I spent my 23rd birthday in jail

OK. So technically it was the day after my birthday, but that doesn’t have the same ring to it. I’ve been in Louisiana for the past week, visiting an assortment of aunts, uncles, cousins, and grandparents before leaving the country for a couple of years.

Being around family so much, I’ve noticed a number of similarities: brown hair, green eyes, height deficiency, a love of story telling, and a penchant for prisoners.

From an early age, I was fascinated by the criminal justice system. My favorite vacation growing up was our trip to Alcatraz in San Francisco. I bought a book in the gift shop written by Jim Quillen, a paroled prisoner, and read it multiple times. My fascination graduated into a desire to understand crime rates, and I’ve written a variety of pieces on the prison system, death penalty, and root causes of crime.

While most people are confused by my empathy for criminals, my 79-year-old grandmother is not one of them. She has been holding Bible studies in Louisiana jails for years. I’ve heard her stories of broken lives, abuses of all kinds, and, sometimes, restoration and healing.

But I wasn’t ever able to go myself, until today. Getting into jail is hard work. My grandmother has an ID badge stating she is an official clergy of Louisiana parish jails, but I carry no such authority. If I hoped to make it behind bars, I would have to be interviewed and approved by the warden. The entire process took 46 minutes. Forty-five minutes of waiting, and exactly one minute for the warden to glance up at me from his desk and approve the transaction.

From his office, we were whisked away by a uniformed guard and brought through several sets of heavy doors that locked loudly behind us. Then, we were passed off to a sergeant, who inspected our bags and Bibles and led us to the female cellblock. Much to my surprise, she did not accompany us inside. Instead, she opened the door and locked it behind us. I was starting to think my heart for prisoners was akin to a love of stars— best observed from a great distance.

A few of the inmates looked in our direction, most slept. A small group left cards on a table and headed into their cells, presumably to get away from the religious nuts that had voluntarily put themselves in here. While that was true for a couple of them, most were getting their Bibles and pens.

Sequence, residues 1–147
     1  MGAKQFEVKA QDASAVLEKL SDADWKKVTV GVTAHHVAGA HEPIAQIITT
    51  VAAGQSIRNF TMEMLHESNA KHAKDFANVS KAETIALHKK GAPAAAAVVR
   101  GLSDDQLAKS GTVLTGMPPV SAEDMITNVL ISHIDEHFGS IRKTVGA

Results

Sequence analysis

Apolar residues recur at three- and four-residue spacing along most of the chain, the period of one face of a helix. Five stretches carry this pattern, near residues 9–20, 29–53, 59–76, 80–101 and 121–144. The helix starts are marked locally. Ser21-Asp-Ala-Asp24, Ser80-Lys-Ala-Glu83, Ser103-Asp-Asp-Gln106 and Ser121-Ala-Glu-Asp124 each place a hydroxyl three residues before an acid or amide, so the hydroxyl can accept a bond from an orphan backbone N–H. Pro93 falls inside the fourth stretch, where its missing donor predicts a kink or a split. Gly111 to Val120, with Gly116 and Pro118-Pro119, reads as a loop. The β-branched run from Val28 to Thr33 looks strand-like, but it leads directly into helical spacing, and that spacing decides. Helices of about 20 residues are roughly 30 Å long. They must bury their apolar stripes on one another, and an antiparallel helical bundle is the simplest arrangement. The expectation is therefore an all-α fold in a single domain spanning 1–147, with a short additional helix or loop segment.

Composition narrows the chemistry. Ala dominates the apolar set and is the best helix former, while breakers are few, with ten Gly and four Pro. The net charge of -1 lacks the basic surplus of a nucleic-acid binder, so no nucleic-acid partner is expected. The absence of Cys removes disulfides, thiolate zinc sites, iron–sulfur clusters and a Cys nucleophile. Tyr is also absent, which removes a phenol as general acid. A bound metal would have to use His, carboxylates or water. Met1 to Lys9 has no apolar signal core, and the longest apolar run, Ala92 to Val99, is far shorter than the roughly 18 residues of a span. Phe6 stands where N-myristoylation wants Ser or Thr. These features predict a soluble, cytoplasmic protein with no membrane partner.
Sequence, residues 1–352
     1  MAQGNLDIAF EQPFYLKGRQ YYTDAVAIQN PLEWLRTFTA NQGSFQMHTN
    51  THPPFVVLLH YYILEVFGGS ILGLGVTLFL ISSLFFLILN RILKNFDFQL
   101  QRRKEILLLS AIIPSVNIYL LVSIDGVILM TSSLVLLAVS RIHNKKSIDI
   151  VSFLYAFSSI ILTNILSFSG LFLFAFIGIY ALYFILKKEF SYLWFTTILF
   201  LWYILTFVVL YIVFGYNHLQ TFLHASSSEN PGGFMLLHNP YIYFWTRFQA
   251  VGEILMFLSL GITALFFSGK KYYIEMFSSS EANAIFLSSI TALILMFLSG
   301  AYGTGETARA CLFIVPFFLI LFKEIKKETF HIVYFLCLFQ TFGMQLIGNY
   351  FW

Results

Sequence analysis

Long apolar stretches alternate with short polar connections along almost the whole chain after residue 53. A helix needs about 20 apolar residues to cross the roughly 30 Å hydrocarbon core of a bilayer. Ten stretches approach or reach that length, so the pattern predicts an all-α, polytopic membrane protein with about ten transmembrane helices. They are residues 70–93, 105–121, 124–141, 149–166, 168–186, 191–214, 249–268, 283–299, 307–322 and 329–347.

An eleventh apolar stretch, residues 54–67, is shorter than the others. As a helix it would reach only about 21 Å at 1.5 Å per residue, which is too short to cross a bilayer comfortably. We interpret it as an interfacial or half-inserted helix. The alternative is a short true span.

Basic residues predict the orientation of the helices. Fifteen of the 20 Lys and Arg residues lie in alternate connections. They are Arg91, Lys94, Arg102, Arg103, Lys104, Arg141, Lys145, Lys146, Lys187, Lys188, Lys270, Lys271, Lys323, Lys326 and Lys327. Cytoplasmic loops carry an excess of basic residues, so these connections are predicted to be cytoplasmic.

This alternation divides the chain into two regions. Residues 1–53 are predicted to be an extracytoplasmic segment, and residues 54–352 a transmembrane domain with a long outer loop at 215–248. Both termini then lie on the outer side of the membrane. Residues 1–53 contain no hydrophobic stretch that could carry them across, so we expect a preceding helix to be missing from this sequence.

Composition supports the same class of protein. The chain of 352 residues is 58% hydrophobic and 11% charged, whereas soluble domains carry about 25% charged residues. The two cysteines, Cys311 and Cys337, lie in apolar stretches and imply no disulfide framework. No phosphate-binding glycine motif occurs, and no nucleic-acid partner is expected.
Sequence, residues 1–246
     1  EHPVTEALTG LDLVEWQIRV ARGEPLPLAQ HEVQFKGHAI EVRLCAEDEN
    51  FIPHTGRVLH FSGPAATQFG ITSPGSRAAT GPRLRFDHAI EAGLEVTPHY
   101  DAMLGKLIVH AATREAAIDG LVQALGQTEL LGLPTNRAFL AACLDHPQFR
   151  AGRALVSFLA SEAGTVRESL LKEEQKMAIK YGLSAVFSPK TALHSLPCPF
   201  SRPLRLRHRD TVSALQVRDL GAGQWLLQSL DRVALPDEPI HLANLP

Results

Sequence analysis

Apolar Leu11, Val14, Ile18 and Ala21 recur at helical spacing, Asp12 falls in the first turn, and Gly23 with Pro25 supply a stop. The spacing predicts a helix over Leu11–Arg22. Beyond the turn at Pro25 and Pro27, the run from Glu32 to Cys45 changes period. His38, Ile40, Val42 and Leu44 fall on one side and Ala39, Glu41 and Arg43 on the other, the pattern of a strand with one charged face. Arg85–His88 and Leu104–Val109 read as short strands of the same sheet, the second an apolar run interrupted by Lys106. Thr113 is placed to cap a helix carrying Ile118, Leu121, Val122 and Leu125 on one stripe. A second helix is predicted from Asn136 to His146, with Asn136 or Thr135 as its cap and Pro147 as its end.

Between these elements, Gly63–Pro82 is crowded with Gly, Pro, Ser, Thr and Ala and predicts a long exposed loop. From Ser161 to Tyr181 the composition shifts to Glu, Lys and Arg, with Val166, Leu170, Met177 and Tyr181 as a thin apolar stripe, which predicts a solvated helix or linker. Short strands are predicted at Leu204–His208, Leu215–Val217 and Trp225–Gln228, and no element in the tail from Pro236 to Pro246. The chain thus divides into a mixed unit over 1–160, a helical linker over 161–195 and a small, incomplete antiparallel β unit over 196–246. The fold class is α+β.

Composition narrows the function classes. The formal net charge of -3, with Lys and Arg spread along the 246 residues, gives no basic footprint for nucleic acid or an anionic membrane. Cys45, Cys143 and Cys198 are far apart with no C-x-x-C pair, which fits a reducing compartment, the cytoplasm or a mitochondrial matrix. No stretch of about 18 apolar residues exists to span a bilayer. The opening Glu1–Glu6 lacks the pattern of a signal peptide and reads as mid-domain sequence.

Feeling a little braver, I sat down on the cold metal bench and tried to look friendly. I felt like a voyeur, but I put my hands on the table and made myself feign being comfortable in this environment. A woman brought out a bag of peppermints and passed one to each of us. Prison candy, I thought, what a paradox.

After my grandmother passed out booklets and tracts, which were eagerly accepted, she started the lesson. They listened intently. One woman periodically nodded her head, and finished my grandmother’s quotes of Bible verses. A few looked at me and smiled. As the lesson on perseverance through trials continued, two more women joined our group. We had a full table, and, quite literally, a captive audience. My grandmother preached about how when we are weak, God is strong, and when we fill empty, God can fill us up.

One of things that struck me about the inmates was how exceedingly normal they were. One woman had three college degrees, many had children, and they all had families of one stripe or another on the outside. Their humanity was hidden by orange jumpsuits and unkempt hair, but their sheepish smiles revealed a common decency. As we exchanged pleasantries, I could tell they felt embarrassed. Our conversations could have occurred anywhere in the world but here and seemed normal.

Sitting in that drafty cellblock, I felt the love of God radiating around the room. When Jesus said “whatever you do unto the least of these, you do unto me,” I think he meant it. And when he talked about setting the captive free, he meant that, too. But we don’t usually live like the Gospel means what it says.

Instead of taking the message to the oppressed, we carve verses in wood and hang them on the mantle in our middle-class homes. But the Bible wasn’t written for decoration but for action. When Jesus talks about visiting prisoners in jail, he means it. While those trapped in metaphorical prisons of addiction and anxiety need Jesus, we can’t stop there. More than 2 million people are imprisoned in the United States, the most in the world, and they, perhaps more urgently than anyone else, need to hear words of hope, grace, and peace.